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Q & A: Two Small Businesses Share How They Use Great Customer Service to Beat the Competition

While it may seem impossible for a small business to compete with major brands, we found two fantastic examples of businesses competing and gaining ground on organizations many times their size. Bonobos, a men's fashion retailer, and Boloco, a Boston-based burrito chain, are both customers. We asked John Rote, VP of Customer Experience for Bonobos, and John Pepper, Founder and CEO of Boloco, to share how they used great customer service to differentiate themselves in the marketplace and beat the pants off of bigger companies.

Here's the full one hour session and below you'll find a transcript of highlights.

Matt Trifiro: How was your business founded and how did it grow?

John Pepper: [At first] it was just about this obsession with burritos. A year in we really realized it's got to be more than just about burritos. And so the very first thing we focused on was…when a customer says something we actually listen and we respond. I spend my time trying to figure out how can I treat our employees like they are our most important customers and giving them things that will actually change their life beyond Boloco.

John Rote: We started when one roommate at a business school just hated his pants. He thought, There's got to be a way to have better fitting pants. So he started making them out of his living room. [Turning] customers into promoters is one of the ways that we were going early on when we didn't have that much money.

Matt Trifiro: That's great. So, John Pepper, I mean 15 years, I don't even know if the Internet was around when you founded. And yet here you are a leader in customer support over every medium, including social media. How did you get there?

John Pepper: I think it was every opportunity we had to listen and take feedback and respond to it.

Matt Trifiro: So, John Rote, a four-year-old company, you sort of grew up in the age of the Internet and yet when you first started, social media wasn't a day in and day out core part of your customer support strategy. And yet you had a transformational moment. Can you tell us a little about that?

John Rote: We realized that there were a lot of people that had been customers of ours for a while but had never engaged with us. They actually had no relationship with us until we talked to them over social media. There were other people who never would've heard about us at all if it wasn't for the fact that we were engaged in conversations with their friends. But they overheard through social media. They then came into the brand.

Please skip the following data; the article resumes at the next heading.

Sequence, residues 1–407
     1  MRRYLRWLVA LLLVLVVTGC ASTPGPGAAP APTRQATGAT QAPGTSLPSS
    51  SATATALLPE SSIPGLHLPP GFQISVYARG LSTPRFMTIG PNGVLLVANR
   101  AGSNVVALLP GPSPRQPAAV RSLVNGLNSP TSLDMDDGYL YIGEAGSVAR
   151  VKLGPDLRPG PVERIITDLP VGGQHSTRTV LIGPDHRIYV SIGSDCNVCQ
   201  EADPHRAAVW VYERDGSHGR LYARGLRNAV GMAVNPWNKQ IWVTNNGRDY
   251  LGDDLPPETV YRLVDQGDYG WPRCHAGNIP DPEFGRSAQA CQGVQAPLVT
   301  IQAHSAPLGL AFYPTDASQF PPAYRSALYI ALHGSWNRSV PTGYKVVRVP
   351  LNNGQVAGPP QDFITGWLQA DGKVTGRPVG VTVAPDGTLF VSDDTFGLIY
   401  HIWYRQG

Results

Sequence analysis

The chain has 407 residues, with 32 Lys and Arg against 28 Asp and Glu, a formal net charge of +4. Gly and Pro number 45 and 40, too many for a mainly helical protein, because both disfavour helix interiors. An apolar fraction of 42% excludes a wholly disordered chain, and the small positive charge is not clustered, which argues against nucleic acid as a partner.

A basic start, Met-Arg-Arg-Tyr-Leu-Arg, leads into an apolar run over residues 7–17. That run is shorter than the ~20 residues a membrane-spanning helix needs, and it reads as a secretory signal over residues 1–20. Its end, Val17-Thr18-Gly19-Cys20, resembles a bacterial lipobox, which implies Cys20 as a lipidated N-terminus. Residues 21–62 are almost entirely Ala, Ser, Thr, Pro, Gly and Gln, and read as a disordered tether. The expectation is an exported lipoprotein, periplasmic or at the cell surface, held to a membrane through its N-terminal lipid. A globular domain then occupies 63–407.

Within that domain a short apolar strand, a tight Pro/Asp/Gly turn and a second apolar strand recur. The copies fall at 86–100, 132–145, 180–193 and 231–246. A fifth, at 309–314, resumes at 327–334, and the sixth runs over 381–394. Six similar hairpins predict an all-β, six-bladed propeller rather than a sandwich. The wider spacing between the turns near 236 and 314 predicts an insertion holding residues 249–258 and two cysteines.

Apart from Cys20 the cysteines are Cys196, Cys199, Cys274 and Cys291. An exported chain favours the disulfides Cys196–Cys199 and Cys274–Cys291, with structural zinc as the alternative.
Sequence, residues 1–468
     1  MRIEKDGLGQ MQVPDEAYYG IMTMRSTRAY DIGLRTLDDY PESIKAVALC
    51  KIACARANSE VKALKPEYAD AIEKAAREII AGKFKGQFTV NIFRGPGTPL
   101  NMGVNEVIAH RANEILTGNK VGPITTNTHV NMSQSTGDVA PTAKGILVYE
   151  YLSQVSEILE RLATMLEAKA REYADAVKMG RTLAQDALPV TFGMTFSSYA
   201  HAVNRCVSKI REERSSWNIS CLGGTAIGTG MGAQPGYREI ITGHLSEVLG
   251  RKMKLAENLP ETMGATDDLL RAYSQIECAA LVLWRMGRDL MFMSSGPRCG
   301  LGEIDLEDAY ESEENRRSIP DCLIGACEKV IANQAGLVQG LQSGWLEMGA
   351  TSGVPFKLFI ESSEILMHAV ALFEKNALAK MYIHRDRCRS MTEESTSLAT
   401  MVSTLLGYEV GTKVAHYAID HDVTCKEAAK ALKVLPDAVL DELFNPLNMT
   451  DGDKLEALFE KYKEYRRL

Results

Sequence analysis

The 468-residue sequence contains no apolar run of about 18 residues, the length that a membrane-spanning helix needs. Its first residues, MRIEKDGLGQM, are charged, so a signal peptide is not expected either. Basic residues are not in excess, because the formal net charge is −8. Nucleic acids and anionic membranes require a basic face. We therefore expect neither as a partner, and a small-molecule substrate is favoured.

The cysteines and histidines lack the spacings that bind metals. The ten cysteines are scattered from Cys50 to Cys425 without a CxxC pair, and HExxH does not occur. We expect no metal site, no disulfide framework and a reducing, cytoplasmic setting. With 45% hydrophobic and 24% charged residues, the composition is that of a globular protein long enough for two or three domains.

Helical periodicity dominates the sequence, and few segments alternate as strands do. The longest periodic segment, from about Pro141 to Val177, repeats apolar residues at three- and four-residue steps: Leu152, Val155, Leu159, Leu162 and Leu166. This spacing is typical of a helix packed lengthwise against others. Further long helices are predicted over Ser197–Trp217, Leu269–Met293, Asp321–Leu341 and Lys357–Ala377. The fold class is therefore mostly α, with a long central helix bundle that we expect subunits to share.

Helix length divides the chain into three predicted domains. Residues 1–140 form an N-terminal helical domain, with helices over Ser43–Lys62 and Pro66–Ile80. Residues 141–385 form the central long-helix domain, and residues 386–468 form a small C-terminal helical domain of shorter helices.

Matt Trifiro: Scaling is hugely important; both your businesses are growing very quickly. Another important concept is what we call Whole Company Support, this idea that you're pushing support to every employee. I'd love for you each to address that idea of involving your whole company in support.

John Pepper: What we've been able to do is give people the ability to actually build a skill of customer service that they wouldn’t have had simply because they'd never been taught the skills. We’re doing it together. It’s very public internally. It works very well. It wows our customers when multiple people can be working, tag-teaming on an issue for one customer, and the customer gets that. They feel it immediately.

John Rote: For Bonobos, we didn't want to deal hiring seasonal people because we really don't want people talking to our customers unless they really are an employee and really understand our company. We thought the only way we can do that is to scale up the rest of the company. And what that's led to now is a more formalized program…where people early on do a month of service.

We have around 70 or 80 percent of the people right now at our company that are white belt certified (in Bonobos’ Ninja training), which means that they've gone through that training program, they've received feedback about how they're interacting with customers, they've learned the systems. And culturally it ends up being really one of the things that brings everyone in the company together.

Whether you're on the accounting team, the marketing team, the production team, ultimately you're here for customers. So when we have the guy who's on our golf production team—who designs our golf polos and our golf off pants—when he sees a question about it on social media he'll add in his own viewpoint, which is pretty great if you're a customer reaching out about a generic question about a product and you get a response back from the guy that actually designed it.

Matt Trifiro: Any other tips you’d like to share for creating an environment focused on customer service?

John Pepper: We treat rudeness, literally, like theft. We would rather that you went into the register and attempted to steal cash, than be rude to a customer, because it is so much more expensive.

John Rote: It's not how many emails do you crank out. How quickly do you get this person off the phone? How do you up-sell and sell them four pairs of pants instead of two? It's really, what did you do to slightly nudge them in the direction of telling their friends and family about us?

Now that we’ve heard some amazing insights from two business leaders that have successfully outmaneuvered larger firms with their customer service strategies, we would love to hear from our readers. What other customer service strategies have been effective for your own small businesses? What can you do that larger businesses can’t? How do you give customers a truly personal touch or otherwise let them know they are important?

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